Sleep Token: “Take Me Back To Eden” Album Review – UK’s most anonymous pushes metal boundaries


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Rating: 4.5 out of 5.

A monolith epic of post- rock/metal monstrosity that sees them at their most audacious.


Like many here, once we heard Sleep Token, it seemed we were hooked. The elite musicianship, the anonymity, the honey-ladled voice; everything with Sleep Token’s attachment to it resonated with sacred mystery.

But it didn’t just come overnight. A masked, anonymous conformity have amassed intrigue, vitality and a whole host of seedy post-rock/metal fanatics since their uprising when they appeared with 2018 and Jaws, a song met with genuine love and intrigue. This was met with further traction when they dropped their entire debut, Sundowning, without warning in 2019. While others saw the anonymous masks and cloaks as a mere gimmick, others were bought in by the rich origin story of the band; letting the likes of The Offering and Blood Sport be their music barricade of defence.

The follow-up This Place Will Become Your Tomb in 2021 saw pretty much more of the same, albeit delving into a piano-laden project of heavy pop with the likes of The Love You Want. This was opposed to the spoon-fed filth of cut-throat riffs and tantalising drums that we’ve seen in the past which, to many within their cult-following, was not an album met with the same enthusiasm as we saw from Sundowning.

What followed however, was a path to be alternative music’s most talked about. Without a word, they issued a magnitude of searing singles at the start of 2023. Soon after, the talk of metal folded in on itself, as we were wrapped into Sleep Token again.


Now, we see a third offering of pure unfiltered chaos as it outpours into a melting pot of genres. A sultry selection of epic proportion, Take Me To Eden is certainly the collective at their most boldest, their most brazen as they equip the tools from both albums prior and sprawl it into one big ladle of Sleep Token at their finest. While firmly rooted in metal, that doesn’t stop them from entering the spheres of the likes of furtive R&B ladled with lustful piano quips like we see in Aqua Regia or the black-metal approval-piece from Vore. Euphoric The Summoning tips the scales for a band well and truly in their element – a corrosive power-play dispersed with an interlude as lead frontman Vessel seemingly converses with an angelic entity high in the clouds, “Oh, and my love / Did I mistake you for a sign from God? / Or are you really here just to cut me off?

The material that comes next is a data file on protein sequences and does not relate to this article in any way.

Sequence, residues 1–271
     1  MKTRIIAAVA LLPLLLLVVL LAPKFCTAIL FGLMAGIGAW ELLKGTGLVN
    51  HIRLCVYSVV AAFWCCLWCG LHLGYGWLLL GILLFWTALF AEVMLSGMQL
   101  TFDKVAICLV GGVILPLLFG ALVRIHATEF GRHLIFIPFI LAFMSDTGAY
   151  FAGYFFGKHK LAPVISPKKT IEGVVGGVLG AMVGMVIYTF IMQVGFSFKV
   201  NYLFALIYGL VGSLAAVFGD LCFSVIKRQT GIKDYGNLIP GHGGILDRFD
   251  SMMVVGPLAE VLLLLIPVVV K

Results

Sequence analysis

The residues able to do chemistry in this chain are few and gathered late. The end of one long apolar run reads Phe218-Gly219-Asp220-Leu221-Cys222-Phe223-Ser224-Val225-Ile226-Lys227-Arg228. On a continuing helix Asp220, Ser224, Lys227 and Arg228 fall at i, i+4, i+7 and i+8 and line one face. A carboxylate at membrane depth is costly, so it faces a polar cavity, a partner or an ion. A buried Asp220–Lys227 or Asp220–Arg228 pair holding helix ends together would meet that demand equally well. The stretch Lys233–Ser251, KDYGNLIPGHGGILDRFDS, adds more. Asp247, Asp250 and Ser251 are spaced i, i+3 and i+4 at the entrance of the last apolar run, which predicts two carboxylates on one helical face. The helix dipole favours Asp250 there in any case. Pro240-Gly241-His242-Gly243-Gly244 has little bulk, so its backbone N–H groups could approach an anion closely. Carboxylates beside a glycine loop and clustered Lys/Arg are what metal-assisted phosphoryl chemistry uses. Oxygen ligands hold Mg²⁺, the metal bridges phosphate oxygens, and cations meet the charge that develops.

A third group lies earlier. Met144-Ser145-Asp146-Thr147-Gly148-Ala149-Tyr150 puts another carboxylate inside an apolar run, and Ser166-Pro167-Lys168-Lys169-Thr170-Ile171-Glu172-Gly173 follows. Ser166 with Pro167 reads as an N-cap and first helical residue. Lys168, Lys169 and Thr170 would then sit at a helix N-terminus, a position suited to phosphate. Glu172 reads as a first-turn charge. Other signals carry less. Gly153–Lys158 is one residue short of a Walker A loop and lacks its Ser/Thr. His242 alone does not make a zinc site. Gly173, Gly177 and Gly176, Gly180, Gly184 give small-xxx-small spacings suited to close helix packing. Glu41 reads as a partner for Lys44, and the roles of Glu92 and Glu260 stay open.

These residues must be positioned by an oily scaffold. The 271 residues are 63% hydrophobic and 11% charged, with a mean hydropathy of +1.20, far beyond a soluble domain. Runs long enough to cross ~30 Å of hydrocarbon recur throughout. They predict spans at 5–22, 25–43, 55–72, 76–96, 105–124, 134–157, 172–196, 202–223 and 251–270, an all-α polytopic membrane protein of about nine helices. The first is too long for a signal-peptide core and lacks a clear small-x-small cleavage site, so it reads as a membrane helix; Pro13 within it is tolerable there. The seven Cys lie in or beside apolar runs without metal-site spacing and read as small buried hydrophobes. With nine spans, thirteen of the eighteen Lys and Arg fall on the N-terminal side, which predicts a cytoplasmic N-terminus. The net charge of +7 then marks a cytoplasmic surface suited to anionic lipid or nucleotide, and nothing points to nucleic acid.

Even the collective attempts their own version of an arena-ready alternative-rock ballad with Are You Really Okay? , a pensive remark on the after-effects of mental health and self-harm as it plays out in a beautiful swan-song as Vessel begs to “please don’t hurt yourself again.” For an album swamped in many thick layers to unpack, the moments when everything is drawn back, is often very much welcomed.

The band at their most lavish however, comes in the form of the self-titled, Take Me Back To Eden, a song with staggering proportion that was surprisingly held back until the album release itself.

The 8-minute stalwart encompasses everything this 60-minute album stands for: the starkly contrasting roll-the-dice three-piece sound of Sleep Token. Airy synth-lines; heavy Djent-like stutters; a hazy piano sauntering; euphoric melodies before it rips into a pent-up roar as Vessel shrieks as a jagged riffage dispels this as anything other than a Sleep Token cult-classic. “My, my, those eyes like fire / I’m a winged insect, you’re a funeral pyre / Come now, bite through these wires / I’m in waking hell and the gods grow tired / Reset my patient violence along both lines of a pathway higher.”

Finally, we see things end with Euclid. It’s a joyous epilogue marked as a sheer favourite on the album but above else, it’s a poignant full-circle moment as Vessel warbles, “we tangle endlessly / Like lovers entwined / I know for the last time / You will not be mine / So give me the night, the night, the night,” the very same lyrics we hear him swooning on The Night Does Not Belong To God, the very first track on their debut, Sundowning. An albeit seemless transition to the very start of ST‘s journey – to their last so far.

Despite the album taking up the mantle of encompassing Sleep Token’s sounds from all corners of music, there is never any signs that such a record won’t succeed. It pushes the limits of metalcore and time-stamps Sleep Token as one of UK’s most progressive bands this year.

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